The containerization of the shipping and greater transport industry revolutionized supply chain logistics. Pioneering shipping companies such as Maersk have identified that the digitalization of the container industry is an important aspect of growth. It still has room to grow, but it will dramatically change the industry. 
 
Chilled refrigerator transport (also known as reefer) is one area where IoT/M2M has revolutionized. For the most part, the general public remains blissfully unaware of how they get produce such as bananas or the challenges in transporting a banana from a tree to a supermarket. Meanwhile, a charterer wants to ensure that their cargo of bananas arrives at its destination in an acceptable condition and on time. Regular updates regarding cargo humidity, temperature and air pressure can be automatically transferred ashore, along with the ship’s estimated time of arrival via IoT/M2M applications, allowing a charterer to update its onward supply chain. In the event of an anomaly, skilled refrigeration technicians can remotely make changes via satellite to the cargo conditions, or alert crew to failed equipment on board. All of this information can be aggregated and modelled then updated automatically onto a mobile app for relevant parties.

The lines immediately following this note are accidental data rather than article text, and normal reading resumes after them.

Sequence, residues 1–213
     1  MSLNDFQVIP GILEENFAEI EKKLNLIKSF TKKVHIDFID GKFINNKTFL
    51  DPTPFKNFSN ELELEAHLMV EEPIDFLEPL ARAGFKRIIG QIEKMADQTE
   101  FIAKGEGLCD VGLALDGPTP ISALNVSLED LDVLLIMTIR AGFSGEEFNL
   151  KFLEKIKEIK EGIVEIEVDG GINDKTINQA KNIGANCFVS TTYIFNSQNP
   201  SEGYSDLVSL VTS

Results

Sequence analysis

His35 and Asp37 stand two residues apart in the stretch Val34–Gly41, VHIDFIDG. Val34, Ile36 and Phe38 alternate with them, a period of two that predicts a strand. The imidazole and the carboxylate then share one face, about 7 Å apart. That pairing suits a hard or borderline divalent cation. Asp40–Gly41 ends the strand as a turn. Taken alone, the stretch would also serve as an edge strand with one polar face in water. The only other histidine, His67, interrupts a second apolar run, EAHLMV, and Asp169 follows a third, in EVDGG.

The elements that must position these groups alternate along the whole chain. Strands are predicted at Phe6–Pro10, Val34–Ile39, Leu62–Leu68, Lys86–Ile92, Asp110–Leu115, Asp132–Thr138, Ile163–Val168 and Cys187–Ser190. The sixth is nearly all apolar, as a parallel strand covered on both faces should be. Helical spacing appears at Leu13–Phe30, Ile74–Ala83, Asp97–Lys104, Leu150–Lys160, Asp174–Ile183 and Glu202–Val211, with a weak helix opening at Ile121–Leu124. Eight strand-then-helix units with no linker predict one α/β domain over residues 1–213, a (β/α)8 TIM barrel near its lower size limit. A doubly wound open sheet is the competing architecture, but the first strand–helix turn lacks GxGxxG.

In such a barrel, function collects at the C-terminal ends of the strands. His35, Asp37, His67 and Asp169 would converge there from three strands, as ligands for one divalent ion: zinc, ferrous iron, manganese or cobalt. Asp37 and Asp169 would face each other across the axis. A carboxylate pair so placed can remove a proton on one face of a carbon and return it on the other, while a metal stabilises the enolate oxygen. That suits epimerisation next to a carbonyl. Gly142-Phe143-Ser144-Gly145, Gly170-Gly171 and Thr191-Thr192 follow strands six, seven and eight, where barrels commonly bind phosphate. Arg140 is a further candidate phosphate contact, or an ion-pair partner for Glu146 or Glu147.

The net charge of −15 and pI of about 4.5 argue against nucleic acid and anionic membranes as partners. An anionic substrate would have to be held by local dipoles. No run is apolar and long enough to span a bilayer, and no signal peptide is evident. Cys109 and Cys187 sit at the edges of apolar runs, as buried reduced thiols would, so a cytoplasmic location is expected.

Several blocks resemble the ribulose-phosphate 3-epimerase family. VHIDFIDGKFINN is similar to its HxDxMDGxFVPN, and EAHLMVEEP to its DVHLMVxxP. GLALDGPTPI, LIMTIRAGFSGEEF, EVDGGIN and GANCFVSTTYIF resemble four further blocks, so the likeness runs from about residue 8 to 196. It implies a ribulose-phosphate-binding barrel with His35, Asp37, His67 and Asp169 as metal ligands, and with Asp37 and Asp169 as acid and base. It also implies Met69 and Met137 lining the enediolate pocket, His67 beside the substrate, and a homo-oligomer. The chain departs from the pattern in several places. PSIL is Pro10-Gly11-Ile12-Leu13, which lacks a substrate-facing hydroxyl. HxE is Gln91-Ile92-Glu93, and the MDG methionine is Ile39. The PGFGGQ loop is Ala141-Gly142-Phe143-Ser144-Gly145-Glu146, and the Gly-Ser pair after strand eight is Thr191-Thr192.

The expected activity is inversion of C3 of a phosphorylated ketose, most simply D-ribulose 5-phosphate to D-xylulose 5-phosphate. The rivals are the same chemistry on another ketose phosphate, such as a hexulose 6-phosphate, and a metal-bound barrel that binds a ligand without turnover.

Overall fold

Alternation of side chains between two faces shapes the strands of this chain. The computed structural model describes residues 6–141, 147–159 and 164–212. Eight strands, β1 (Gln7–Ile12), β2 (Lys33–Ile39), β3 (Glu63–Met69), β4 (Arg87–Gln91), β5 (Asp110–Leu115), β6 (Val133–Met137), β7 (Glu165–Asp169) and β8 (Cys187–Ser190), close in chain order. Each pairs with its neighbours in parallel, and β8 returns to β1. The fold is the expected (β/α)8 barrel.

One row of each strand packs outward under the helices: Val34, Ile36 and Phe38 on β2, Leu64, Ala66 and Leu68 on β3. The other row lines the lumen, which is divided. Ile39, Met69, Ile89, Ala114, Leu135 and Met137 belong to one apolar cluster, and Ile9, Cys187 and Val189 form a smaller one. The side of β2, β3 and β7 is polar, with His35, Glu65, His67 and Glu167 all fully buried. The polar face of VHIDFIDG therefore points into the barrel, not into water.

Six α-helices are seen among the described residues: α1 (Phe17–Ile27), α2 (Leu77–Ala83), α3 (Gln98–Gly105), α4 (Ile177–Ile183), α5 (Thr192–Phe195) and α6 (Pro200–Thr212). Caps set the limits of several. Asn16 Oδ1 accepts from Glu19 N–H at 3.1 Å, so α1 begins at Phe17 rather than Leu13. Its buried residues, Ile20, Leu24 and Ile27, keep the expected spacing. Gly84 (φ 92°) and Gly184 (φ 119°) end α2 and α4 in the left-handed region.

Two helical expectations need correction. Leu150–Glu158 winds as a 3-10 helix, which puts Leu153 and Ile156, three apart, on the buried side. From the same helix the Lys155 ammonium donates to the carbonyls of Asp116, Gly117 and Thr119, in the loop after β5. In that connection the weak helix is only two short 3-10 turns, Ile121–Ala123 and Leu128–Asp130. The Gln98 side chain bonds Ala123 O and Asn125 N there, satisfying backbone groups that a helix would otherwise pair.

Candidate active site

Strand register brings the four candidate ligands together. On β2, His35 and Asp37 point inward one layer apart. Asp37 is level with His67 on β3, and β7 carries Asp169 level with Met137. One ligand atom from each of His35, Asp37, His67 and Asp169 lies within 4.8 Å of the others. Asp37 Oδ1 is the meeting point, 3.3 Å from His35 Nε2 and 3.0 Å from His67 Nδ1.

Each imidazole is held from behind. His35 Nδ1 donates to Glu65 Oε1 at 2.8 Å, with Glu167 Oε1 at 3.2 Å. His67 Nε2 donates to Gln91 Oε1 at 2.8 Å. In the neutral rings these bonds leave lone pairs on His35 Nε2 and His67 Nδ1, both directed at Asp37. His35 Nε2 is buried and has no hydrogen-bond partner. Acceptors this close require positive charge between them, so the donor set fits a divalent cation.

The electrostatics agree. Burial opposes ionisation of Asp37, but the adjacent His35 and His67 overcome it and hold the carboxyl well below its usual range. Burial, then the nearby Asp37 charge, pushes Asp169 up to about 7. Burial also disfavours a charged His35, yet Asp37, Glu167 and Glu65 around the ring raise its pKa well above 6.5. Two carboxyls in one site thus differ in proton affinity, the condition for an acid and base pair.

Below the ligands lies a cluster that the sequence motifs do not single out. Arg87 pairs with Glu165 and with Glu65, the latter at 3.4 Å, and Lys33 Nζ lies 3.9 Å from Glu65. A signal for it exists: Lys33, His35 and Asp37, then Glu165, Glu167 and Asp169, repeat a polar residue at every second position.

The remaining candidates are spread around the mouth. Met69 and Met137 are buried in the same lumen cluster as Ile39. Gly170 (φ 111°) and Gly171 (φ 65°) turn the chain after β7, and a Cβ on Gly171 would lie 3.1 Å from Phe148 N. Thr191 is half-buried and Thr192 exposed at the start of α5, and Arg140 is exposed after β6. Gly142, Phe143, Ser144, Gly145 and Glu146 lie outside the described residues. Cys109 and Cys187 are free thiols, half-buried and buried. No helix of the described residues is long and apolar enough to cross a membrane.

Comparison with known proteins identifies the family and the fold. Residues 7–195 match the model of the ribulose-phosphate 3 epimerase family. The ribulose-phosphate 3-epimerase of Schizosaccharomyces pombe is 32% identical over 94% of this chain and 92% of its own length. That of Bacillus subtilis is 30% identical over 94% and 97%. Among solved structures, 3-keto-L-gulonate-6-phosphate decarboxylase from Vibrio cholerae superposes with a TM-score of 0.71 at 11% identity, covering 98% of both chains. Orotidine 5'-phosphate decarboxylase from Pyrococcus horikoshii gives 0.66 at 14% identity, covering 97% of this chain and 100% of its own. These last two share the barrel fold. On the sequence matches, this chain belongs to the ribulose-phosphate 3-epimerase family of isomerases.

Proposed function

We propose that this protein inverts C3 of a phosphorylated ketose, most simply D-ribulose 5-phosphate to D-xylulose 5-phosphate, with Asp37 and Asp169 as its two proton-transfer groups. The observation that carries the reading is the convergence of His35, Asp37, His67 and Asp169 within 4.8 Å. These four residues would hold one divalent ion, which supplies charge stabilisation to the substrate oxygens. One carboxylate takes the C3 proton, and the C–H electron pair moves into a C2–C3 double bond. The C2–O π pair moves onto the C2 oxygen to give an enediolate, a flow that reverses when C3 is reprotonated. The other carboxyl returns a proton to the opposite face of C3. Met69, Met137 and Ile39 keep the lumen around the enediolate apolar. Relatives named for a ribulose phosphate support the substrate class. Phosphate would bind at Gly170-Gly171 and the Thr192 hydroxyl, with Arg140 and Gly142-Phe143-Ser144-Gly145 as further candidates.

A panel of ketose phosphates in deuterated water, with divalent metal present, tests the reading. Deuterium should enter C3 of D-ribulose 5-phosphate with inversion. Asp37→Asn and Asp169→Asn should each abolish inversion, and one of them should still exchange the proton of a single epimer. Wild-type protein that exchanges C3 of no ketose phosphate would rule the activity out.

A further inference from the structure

Trend Toward Automation
With the significant increase in efforts to provide automation within the maritime industry, experts are predicting that new vessels will face a gradual reduction in crew members over the coming years. The majority of decision-making processes are being moved to an onshore control center. For example, some major vessel owners are even proposing the potential for introducing new vessels that require as few as five crew members. 
 
Major shipbuilders such as Rolls Royce are also striving towards the concept of the autonomous vessel. Rolls Royce announced an initiative called the Advanced Autonomous Waterborne Applications Initiative (AAWA), defining how by 2020, semi or fully autonomous vessels could be sailing across the world. Monitored and controlled by a small crew within a central location and guided by multiple sensors and controlled systems on board, the autonomous vessels will reduce the cost of shipping goods. As the maritime sector moves toward automation, there is a growing importance to introduce multiple and redundant layers of connectivity to enable secure and reliable communications. Considering the potential scenarios that could arise if a loss of connectivity was experienced on an automated vessel, having 24/7 connectivity regardless of location is critical. Ensuring vessels have the proper equipment to guarantee reliable connectivity, for example automated switching between disparate satellite and terrestrial networks is essential to operation. In order to achieve this high degree of connectivity, satellite communications company Speedcast has developed hybrid networks (satellite, 4G/LTE and wireless radio) to enable connectivity for critical communications - allowing a vessel to never be out of touch regardless of its location. The IoT/M2M revolution can only bring value when coupled with reliable and redundant connectivity.